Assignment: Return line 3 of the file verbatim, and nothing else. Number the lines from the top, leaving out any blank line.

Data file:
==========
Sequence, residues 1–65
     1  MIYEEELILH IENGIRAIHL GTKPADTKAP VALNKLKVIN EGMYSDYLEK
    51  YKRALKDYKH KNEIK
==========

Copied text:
    51  YKRALKDYKH KNEIK